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Bacteria Increase Risk Of Lower Stomach Cancer, Decreases Risk Of Upper

Date:
October 18, 2006
Source:
Journal of the National Cancer Institute
Summary:
The bacteria Helicobacter pylori substantially increase the risk of cancer in the lower stomach, but it may decrease the risk of cancer near the junction between the esophagus and the stomach, according to a study in the October 19 Journal of the National Cancer Institute. This finding may help explain the changing rates and distributions of these cancers in Western countries over the past century.

The bacteria Helicobacter pylori substantially increase the risk of cancer in the lower stomach, but it may decrease the risk of cancer near the junction between the esophagus and the stomach, according to a study in the October 19 Journal of the National Cancer Institute. This finding may help explain the changing rates and distributions of these cancers in Western countries over the past century.

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Infection with H. pylori, which is known to cause ulcers, has also been associated with certain types of gastric cancer, but the strength of association varies with where the cancer is located in the stomach. Two types of gastric cancer commonly exist -- cardia, or cancer of the upper stomach joining the esophagus; and noncardia, or cancer of the lower stomach.

A group of researchers led by Farin Kamangar, M.D., Ph.D., of the National Cancer Institute in Bethesda, Md., selected 234 cardia and noncardia gastric cancer patients in the Alpha-Tocopherol, Beta-Carotene Cancer Prevention Study and matched them to controls. They assessed all of the subjects for H. pylori infection by testing their blood for antibodies that indicate prior infection.

The authors found that the subjects infected with H. pylori had a higher risk of developing noncardia gastric cancer and a lower risk of developing cardia gastric cancer. They suggest that a decrease in H. pylori infections during the past century may be one reason that scientists have observed increasing rates of cardia and decreasing rates of noncardia gastric cancers in Western countries.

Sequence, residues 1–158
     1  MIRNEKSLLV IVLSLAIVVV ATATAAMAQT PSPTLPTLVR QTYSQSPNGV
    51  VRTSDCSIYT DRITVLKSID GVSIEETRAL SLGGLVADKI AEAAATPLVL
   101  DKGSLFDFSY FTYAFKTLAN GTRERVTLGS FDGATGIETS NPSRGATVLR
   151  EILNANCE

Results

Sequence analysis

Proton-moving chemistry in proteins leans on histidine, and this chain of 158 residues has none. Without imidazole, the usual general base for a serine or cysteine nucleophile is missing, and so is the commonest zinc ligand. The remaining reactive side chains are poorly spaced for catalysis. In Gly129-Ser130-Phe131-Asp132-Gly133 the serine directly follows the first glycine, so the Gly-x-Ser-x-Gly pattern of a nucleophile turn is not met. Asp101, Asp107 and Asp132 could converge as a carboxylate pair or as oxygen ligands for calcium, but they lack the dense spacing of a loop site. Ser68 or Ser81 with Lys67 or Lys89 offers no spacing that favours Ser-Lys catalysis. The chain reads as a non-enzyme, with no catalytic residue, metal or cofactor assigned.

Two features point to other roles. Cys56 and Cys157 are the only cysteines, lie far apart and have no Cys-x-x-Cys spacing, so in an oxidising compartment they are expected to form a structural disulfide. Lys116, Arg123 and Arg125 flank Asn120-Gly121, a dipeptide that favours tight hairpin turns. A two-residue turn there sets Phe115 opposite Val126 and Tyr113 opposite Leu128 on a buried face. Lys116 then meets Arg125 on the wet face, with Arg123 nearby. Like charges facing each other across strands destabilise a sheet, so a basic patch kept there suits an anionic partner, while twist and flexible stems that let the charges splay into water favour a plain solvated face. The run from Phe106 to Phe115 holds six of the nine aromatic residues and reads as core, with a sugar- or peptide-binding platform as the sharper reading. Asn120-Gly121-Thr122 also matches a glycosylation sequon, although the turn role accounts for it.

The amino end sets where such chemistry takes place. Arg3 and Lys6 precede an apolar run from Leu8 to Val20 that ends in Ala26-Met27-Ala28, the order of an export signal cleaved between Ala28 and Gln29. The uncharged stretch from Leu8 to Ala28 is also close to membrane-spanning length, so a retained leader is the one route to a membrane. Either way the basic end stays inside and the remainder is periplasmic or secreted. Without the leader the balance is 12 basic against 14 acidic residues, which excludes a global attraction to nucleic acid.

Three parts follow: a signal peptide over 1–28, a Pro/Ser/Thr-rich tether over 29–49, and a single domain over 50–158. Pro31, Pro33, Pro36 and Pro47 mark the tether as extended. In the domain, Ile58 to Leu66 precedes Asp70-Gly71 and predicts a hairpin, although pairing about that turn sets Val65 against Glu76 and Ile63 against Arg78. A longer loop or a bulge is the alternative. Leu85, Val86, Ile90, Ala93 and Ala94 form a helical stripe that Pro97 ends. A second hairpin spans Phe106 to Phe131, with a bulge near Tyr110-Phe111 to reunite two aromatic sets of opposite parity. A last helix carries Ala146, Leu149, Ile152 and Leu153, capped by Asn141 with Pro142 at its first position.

"The results of this study suggest that caution may be warranted against mass treatment to eradicate H. pylori ," the authors write.

In an accompanying editorial, Olof Nyren, M.D., Ph.D., of the Karolinska Institute in Sweden, and William J. Blot, Ph.D., of the International Epidemiology Institute in Rockville, Md., write, "It seems prudent to include the putative protective effect of H. pylori against adenocarcinoma of the esophagus or cardia in the equation when drawing up prevention plans for gastric cancer."

Article: Kamangar F, Dawsey SM, Blaser MJ, Perez-Perez GI, Pietinen P, Newschaffer CI, et al. Opposing risks of gastric cardia and noncardia gastric adenocarcinomas associated with Helicobacter pylori seropositivity. J Natl Cancer Inst 2006; 98:1445-1452.

Editorial: Nyren O, Blot WJ. Helicobacter pylori infection: mainly foe but also friend? J Natl Cancer Inst 2006; 98:1432-1434.

Note: The Journal of the National Cancer Institute is published by Oxford University Press and is not affiliated with the National Cancer Institute. Attribution to the Journal of the National Cancer Institute is requested in all news coverage. Visit the Journal online at http://jncicancerspectrum.oxfordjournals.org/.


Story Source:

The above story is based on materials provided by Journal of the National Cancer Institute. Note: Materials may be edited for content and length.


Cite This Page:

Journal of the National Cancer Institute. "Bacteria Increase Risk Of Lower Stomach Cancer, Decreases Risk Of Upper." ScienceDaily. ScienceDaily, 18 October 2006. <www.sciencedaily.com/releases/2006/10/061018094959.htm>.
Journal of the National Cancer Institute. (2006, October 18). Bacteria Increase Risk Of Lower Stomach Cancer, Decreases Risk Of Upper. ScienceDaily. Retrieved November 24, 2014 from www.sciencedaily.com/releases/2006/10/061018094959.htm
Journal of the National Cancer Institute. "Bacteria Increase Risk Of Lower Stomach Cancer, Decreases Risk Of Upper." ScienceDaily. www.sciencedaily.com/releases/2006/10/061018094959.htm (accessed November 24, 2014).

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